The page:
Wednesday, November 10, 2010

November's books

#10, The Secret Garden by Francis Hodson Burnett (1911)

This book is another that was most important to me when I was young. It was given to me in a group of books by my first-grade teacher, Miss Collier. All I remember about her was that she was Danish, a very good teacher, and very attractive, in a grown-up way. At the end of my year in her class, my family moved from upstate NY to downstate Connecticut: as a going away gift, Miss Collier gave me six childhood books, including this one. They had been her books, in her family, and it still touches me that she gave them to me.



I read it in pieces, less impressed with Mary's terrible attitude than her adventures in the secret garden itself. I did like that she was crabby and ungrateful--unlike most purer than milk child heroines--and that she was outspoken. The story unfolds without moralizing, but leaves the reader with a definite sense of Mary's journey from sickly, spoiled, wilfull, crabby, abandoned child to healthy, thoughtful, involved, generous, happy child... now with a new family.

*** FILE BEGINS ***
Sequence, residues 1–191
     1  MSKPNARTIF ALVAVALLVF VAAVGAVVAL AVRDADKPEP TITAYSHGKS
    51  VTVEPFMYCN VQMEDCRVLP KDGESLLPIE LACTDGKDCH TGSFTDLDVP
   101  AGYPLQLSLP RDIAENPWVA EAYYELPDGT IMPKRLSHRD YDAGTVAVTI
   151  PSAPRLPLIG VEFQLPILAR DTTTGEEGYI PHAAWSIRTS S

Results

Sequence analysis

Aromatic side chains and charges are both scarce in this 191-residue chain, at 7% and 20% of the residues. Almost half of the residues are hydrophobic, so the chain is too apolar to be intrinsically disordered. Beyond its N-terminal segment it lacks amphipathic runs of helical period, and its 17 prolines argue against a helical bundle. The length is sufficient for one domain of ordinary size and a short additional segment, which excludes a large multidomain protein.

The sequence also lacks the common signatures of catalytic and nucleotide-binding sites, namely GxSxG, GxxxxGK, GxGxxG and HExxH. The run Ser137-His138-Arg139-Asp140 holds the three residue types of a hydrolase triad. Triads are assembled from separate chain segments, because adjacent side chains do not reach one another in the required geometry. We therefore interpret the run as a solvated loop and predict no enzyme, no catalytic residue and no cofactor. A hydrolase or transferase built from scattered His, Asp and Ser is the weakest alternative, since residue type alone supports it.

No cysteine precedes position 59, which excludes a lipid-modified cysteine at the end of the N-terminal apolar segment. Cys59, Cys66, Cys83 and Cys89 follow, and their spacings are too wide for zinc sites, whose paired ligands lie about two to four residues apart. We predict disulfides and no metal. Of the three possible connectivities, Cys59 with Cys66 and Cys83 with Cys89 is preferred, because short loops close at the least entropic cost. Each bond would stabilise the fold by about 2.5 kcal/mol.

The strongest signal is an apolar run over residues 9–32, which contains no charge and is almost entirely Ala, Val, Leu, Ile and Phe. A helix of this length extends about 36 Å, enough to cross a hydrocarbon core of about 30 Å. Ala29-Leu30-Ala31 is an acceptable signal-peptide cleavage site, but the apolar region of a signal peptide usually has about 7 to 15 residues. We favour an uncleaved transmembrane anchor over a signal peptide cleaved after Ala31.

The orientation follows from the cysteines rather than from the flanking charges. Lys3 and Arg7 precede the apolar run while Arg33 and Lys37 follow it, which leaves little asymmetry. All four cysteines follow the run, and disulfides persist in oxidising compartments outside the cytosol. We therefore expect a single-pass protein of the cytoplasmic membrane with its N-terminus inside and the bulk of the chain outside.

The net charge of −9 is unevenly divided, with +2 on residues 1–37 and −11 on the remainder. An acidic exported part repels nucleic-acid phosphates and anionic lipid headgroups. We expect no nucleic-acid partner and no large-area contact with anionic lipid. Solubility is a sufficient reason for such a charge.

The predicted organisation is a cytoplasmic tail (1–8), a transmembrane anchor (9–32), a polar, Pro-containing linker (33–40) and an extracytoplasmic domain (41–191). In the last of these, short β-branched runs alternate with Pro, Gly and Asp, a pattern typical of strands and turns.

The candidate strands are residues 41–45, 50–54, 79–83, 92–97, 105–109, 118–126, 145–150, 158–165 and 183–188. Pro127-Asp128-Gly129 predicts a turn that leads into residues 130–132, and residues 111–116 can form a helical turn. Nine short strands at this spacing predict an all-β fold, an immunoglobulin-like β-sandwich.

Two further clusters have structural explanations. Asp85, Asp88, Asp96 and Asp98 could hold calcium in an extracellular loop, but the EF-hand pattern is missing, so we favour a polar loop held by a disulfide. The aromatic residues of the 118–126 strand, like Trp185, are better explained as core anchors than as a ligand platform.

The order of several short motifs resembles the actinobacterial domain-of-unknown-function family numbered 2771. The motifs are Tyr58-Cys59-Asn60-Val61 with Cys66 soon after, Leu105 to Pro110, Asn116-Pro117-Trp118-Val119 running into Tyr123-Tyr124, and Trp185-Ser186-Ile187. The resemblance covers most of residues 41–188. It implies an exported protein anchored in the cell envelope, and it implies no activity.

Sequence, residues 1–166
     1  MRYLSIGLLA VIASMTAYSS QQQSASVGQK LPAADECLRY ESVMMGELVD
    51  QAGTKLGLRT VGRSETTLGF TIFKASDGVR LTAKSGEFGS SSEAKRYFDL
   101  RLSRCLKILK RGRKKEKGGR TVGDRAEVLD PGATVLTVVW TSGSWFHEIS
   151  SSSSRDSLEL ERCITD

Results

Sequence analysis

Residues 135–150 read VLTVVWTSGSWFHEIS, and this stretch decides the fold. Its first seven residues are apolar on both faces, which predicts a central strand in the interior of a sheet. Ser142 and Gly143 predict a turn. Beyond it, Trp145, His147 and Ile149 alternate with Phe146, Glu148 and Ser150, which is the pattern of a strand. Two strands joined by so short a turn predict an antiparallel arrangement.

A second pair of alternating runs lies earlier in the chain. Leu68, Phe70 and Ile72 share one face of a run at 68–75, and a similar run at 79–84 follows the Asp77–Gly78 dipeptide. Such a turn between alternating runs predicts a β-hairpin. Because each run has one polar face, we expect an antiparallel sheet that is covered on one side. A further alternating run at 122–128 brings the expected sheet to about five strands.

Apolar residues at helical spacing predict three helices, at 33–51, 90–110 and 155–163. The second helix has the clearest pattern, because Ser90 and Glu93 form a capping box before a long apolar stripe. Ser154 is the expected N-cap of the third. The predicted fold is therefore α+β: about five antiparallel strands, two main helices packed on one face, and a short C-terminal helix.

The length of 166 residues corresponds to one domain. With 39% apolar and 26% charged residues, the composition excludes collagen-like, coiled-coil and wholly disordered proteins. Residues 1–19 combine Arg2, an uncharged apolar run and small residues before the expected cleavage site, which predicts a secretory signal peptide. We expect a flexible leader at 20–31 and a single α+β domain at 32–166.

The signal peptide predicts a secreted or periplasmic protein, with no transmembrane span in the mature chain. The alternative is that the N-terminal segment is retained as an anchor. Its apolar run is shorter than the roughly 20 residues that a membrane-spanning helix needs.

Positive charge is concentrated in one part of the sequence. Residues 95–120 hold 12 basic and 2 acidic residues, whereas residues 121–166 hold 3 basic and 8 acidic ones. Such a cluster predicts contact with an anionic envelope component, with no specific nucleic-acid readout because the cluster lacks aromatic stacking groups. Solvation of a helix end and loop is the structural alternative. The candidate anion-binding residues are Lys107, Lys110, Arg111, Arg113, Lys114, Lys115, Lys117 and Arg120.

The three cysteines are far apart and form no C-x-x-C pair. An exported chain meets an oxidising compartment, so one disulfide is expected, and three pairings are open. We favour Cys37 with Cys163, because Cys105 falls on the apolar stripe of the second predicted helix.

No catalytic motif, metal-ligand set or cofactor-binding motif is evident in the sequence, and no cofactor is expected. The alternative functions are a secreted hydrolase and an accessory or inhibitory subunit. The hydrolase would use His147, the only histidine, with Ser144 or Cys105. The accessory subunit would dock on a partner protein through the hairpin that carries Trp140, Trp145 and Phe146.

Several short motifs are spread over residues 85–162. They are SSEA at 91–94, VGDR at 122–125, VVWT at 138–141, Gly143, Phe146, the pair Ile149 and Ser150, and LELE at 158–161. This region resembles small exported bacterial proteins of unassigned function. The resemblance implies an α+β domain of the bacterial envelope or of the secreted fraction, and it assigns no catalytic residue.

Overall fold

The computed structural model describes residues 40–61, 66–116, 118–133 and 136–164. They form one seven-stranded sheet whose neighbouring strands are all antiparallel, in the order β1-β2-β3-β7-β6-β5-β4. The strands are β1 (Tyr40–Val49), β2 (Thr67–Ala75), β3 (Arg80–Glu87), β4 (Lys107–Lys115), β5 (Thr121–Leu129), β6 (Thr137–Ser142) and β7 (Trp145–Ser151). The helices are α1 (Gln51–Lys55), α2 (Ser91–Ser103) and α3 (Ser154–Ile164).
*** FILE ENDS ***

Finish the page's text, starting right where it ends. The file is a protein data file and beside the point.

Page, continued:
I should also say that I read this aloud to my new second grade peers, every afternoon for about two weeks. Maybe more. My second grade teacher, not so great as Miss Collier, set this up--probably for some desperately needed alone time during the day! Of course, I was a complete geek--being able to read this book aloud, clearly and more or less articulately in second grade? Raging geek! and it is also completely Hermoine Granger, which is what I was. To say I was unpopular is mild. But I disliked my new colleagues as well, heartily, and, like Mary herself, found pleasure in other places... like books.

I've never seen a movie of this, but I know they exist. Probably "cleansed" for kids' sakes, and Mary is all sweet and treacly.

I should add that about 20 years ago, I gave it in turn to the daughter of one of my professors in grad school. She was very young and her parents had a messy divorce. I liked her a lot, and thought it would be appropriate to pass on this tradition and this book.

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